This is because the cooler temperatures found in shaded areas slow down the growth of the plant, resulting in larger and more flavorful bulbs.
Additionally, garlic planted in the shade will stay moist for longer, which can be helpful during periods of drought.
Do take note that garlic grown in the shade will typically take longer to mature than those grown in full sun.
For this reason, gardeners planning to grow garlic in shady areas should choose a variety that matures quickly.
With a little care and attention, garlic can thrive even in the shadiest of gardens so long as they get at least four hours of sunlight.
Can Garlic Get Too Much Sun?
Generally not. So long as garlic is properly covered by soil and kept slightly moist, it will generally tolerate as much sun as it gets. But, if garlic is allowed to dry out then the sun can damage and even kill the plants.
When growing garlic in hot, sunny climates it is a good idea to mulch around the plants to help retain moisture in the soil. Additionally, planting garlic in raised beds can also help improve drainage and prevent the bulbs from rotting.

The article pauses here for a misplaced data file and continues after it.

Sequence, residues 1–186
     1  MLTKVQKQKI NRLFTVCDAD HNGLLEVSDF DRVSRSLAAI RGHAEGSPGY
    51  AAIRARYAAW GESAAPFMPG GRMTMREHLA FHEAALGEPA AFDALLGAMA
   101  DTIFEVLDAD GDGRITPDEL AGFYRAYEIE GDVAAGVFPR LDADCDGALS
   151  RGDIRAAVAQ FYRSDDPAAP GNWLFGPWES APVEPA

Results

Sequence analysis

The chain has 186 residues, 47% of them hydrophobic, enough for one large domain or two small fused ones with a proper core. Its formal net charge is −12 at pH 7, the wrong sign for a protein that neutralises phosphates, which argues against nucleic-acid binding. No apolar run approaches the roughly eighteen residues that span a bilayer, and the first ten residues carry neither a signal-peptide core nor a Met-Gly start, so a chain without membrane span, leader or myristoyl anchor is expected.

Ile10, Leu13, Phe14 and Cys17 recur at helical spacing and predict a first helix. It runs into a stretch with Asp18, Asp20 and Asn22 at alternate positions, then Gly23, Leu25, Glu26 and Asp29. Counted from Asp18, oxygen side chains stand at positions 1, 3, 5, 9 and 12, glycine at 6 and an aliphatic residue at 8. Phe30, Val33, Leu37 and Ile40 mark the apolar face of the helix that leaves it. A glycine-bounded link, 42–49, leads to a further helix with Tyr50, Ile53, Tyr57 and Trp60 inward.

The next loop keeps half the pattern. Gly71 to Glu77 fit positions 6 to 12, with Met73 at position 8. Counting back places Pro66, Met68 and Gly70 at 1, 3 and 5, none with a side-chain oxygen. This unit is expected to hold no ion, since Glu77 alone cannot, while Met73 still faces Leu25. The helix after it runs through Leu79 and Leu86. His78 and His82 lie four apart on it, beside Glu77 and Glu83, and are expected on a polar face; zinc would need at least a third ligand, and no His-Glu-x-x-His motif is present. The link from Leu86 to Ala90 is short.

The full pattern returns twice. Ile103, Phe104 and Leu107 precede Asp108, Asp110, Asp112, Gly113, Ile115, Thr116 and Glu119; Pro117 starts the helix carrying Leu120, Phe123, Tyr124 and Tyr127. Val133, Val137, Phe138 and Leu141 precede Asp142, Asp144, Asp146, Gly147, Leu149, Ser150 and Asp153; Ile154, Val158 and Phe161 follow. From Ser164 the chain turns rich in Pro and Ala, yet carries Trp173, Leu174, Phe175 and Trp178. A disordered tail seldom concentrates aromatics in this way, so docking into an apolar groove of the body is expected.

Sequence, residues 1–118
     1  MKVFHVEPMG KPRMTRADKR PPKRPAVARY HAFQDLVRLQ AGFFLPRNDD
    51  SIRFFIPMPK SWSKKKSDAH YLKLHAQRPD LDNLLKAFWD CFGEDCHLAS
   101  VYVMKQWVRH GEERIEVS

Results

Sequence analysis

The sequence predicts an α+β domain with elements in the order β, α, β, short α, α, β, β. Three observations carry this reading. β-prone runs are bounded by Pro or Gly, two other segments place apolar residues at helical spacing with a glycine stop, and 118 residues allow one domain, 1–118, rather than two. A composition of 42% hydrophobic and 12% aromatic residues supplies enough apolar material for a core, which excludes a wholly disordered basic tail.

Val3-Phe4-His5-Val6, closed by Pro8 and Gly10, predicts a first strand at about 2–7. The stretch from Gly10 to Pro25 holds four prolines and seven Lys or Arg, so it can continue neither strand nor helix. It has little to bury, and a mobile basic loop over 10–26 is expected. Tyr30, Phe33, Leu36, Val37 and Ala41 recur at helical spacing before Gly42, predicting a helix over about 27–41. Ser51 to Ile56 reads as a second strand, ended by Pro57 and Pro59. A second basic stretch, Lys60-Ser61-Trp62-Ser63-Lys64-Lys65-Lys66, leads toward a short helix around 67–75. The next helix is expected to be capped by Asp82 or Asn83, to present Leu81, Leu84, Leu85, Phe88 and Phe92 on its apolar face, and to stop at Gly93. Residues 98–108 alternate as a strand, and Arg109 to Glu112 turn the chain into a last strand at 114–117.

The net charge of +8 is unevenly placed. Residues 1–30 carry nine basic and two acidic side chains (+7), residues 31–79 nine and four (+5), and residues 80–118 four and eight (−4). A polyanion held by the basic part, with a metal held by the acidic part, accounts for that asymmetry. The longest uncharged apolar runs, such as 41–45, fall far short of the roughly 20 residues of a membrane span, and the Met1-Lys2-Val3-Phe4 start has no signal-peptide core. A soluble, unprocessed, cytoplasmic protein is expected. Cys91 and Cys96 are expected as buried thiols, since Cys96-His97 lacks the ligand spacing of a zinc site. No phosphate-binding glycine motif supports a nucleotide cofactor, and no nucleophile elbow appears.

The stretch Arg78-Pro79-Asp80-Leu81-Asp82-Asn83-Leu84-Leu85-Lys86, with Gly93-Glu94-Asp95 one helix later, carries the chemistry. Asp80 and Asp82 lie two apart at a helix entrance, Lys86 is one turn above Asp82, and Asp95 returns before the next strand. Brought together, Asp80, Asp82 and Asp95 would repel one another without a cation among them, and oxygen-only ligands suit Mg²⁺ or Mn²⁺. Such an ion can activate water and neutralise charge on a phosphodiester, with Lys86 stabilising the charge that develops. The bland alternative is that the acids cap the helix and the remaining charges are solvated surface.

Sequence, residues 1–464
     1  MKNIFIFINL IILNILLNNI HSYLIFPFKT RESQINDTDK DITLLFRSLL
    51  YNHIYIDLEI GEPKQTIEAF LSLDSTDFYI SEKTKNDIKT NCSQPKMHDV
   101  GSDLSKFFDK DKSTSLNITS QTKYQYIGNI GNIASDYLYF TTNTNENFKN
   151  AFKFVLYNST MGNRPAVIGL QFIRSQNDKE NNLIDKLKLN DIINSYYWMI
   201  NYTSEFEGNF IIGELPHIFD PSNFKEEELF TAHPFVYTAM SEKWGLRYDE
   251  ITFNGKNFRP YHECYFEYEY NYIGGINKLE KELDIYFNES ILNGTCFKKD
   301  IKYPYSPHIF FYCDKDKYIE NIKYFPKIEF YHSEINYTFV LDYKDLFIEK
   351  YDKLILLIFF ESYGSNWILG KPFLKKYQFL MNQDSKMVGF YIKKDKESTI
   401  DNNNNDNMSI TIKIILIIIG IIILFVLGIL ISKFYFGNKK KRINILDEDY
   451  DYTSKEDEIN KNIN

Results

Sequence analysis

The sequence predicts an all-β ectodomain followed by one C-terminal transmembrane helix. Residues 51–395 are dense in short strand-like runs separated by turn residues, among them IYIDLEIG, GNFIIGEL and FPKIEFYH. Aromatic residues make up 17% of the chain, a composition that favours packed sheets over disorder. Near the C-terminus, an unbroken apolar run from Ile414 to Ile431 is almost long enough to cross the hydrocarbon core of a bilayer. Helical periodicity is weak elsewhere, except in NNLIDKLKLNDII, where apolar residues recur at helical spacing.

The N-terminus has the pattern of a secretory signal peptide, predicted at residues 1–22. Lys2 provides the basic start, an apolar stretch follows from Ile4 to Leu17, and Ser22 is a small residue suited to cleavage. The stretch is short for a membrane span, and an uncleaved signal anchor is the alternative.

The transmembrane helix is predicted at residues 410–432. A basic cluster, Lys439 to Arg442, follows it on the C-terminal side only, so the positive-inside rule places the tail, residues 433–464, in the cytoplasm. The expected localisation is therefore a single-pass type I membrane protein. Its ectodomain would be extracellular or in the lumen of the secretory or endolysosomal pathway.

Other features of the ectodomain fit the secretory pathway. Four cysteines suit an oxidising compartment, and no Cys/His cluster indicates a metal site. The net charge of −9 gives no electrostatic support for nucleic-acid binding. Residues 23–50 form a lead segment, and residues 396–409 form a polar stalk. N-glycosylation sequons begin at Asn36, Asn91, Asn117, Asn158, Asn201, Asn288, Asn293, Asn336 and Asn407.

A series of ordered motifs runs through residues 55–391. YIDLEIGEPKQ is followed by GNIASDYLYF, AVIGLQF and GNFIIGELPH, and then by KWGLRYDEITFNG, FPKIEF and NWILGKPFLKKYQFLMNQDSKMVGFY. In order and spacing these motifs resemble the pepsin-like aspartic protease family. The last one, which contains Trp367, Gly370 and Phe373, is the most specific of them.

Do Different Varieties of Garlic Need More or Less Sun?
Some do. As with most plants and concerning some veggies in particular, various types of garlic have various light requirements, with some needing more and others needing less.
For example, hardneck garlic generally needs less sun than softneck garlic. This is because hardneck garlic grows best in cool climates while softneck garlic is more tolerant of heat.
Additionally, some cultivars have been specifically bred to be more shade-tolerant than others.
While garlic is typically associated with cooler climates, there are actually a number of heat-tolerant varieties that can thrive in warm weather.
For example, Red Creole garlic is a popular variety that originated in Spain (not Louisiana). This type of garlic is well-suited to hot and humid climates, and it has a robust flavor that is nonetheless perfect for use in Cajun cuisine.
Thai Purple garlic is another variety that can tolerate high temperatures. This type of garlic has a milder flavor than other varieties, as is Elephant garlic.
If you are unsure which type of garlic to choose for your garden, speak to your local nursery or gardening center for more advice.